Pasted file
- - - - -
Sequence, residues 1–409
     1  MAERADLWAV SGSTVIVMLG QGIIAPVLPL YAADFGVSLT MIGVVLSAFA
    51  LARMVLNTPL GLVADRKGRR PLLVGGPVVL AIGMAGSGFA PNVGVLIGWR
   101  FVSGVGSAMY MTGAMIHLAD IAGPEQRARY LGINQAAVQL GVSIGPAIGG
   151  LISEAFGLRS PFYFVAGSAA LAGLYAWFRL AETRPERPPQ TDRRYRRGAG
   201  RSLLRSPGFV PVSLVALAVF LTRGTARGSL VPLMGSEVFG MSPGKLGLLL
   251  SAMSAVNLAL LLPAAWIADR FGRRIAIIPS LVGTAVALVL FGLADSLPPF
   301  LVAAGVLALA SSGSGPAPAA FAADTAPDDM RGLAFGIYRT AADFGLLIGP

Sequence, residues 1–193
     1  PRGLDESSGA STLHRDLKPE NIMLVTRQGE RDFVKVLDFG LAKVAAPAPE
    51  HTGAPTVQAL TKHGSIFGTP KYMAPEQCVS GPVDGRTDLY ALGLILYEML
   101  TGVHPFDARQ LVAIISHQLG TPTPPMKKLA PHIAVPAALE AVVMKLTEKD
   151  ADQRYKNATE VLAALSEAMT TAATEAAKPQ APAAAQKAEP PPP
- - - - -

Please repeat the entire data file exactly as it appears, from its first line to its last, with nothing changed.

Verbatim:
Sequence, residues 1–409
     1  MAERADLWAV SGSTVIVMLG QGIIAPVLPL YAADFGVSLT MIGVVLSAFA
    51  LARMVLNTPL GLVADRKGRR PLLVGGPVVL AIGMAGSGFA PNVGVLIGWR
   101  FVSGVGSAMY MTGAMIHLAD IAGPEQRARY LGINQAAVQL GVSIGPAIGG
   151  LISEAFGLRS PFYFVAGSAA LAGLYAWFRL AETRPERPPQ TDRRYRRGAG
   201  RSLLRSPGFV PVSLVALAVF LTRGTARGSL VPLMGSEVFG MSPGKLGLLL
   251  SAMSAVNLAL LLPAAWIADR FGRRIAIIPS LVGTAVALVL FGLADSLPPF
   301  LVAAGVLALA SSGSGPAPAA FAADTAPDDM RGLAFGIYRT AADFGLLIGP

Sequence, residues 1–193
     1  PRGLDESSGA STLHRDLKPE NIMLVTRQGE RDFVKVLDFG LAKVAAPAPE
    51  HTGAPTVQAL TKHGSIFGTP KYMAPEQCVS GPVDGRTDLY ALGLILYEML
   101  TGVHPFDARQ LVAIISHQLG TPTPPMKKLA PHIAVPAALE AVVMKLTEKD
   151  ADQRYKNATE VLAALSEAMT TAATEAAKPQ APAAAQKAEP PPP